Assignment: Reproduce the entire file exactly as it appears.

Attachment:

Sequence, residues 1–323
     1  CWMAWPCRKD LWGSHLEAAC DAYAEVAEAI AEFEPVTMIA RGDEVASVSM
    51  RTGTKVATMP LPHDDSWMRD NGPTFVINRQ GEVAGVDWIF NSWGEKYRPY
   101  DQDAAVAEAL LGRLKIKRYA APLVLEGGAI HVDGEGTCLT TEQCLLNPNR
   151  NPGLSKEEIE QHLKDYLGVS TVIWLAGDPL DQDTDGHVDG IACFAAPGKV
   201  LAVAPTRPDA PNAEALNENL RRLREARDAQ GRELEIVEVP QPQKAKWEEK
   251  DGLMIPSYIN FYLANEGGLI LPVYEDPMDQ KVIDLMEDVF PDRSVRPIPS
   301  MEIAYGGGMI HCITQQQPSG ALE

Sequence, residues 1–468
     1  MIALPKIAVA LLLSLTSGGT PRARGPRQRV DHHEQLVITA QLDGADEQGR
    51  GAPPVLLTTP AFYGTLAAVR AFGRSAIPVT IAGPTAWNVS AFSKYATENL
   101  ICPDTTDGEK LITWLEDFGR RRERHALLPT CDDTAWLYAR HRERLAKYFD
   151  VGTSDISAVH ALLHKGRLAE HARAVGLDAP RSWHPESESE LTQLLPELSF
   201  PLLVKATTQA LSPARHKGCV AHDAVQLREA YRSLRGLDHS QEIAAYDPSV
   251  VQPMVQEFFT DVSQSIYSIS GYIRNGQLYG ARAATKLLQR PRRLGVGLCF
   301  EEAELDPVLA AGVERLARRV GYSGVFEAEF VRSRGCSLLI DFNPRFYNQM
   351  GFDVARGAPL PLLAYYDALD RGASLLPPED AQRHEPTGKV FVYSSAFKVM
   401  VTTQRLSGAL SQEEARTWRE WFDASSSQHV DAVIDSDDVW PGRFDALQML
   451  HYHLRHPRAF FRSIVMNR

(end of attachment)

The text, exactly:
Sequence, residues 1–323
     1  CWMAWPCRKD LWGSHLEAAC DAYAEVAEAI AEFEPVTMIA RGDEVASVSM
    51  RTGTKVATMP LPHDDSWMRD NGPTFVINRQ GEVAGVDWIF NSWGEKYRPY
   101  DQDAAVAEAL LGRLKIKRYA APLVLEGGAI HVDGEGTCLT TEQCLLNPNR
   151  NPGLSKEEIE QHLKDYLGVS TVIWLAGDPL DQDTDGHVDG IACFAAPGKV
   201  LAVAPTRPDA PNAEALNENL RRLREARDAQ GRELEIVEVP QPQKAKWEEK
   251  DGLMIPSYIN FYLANEGGLI LPVYEDPMDQ KVIDLMEDVF PDRSVRPIPS
   301  MEIAYGGGMI HCITQQQPSG ALE

Sequence, residues 1–468
     1  MIALPKIAVA LLLSLTSGGT PRARGPRQRV DHHEQLVITA QLDGADEQGR
    51  GAPPVLLTTP AFYGTLAAVR AFGRSAIPVT IAGPTAWNVS AFSKYATENL
   101  ICPDTTDGEK LITWLEDFGR RRERHALLPT CDDTAWLYAR HRERLAKYFD
   151  VGTSDISAVH ALLHKGRLAE HARAVGLDAP RSWHPESESE LTQLLPELSF
   201  PLLVKATTQA LSPARHKGCV AHDAVQLREA YRSLRGLDHS QEIAAYDPSV
   251  VQPMVQEFFT DVSQSIYSIS GYIRNGQLYG ARAATKLLQR PRRLGVGLCF
   301  EEAELDPVLA AGVERLARRV GYSGVFEAEF VRSRGCSLLI DFNPRFYNQM
   351  GFDVARGAPL PLLAYYDALD RGASLLPPED AQRHEPTGKV FVYSSAFKVM
   401  VTTQRLSGAL SQEEARTWRE WFDASSSQHV DAVIDSDDVW PGRFDALQML
   451  HYHLRHPRAF FRSIVMNR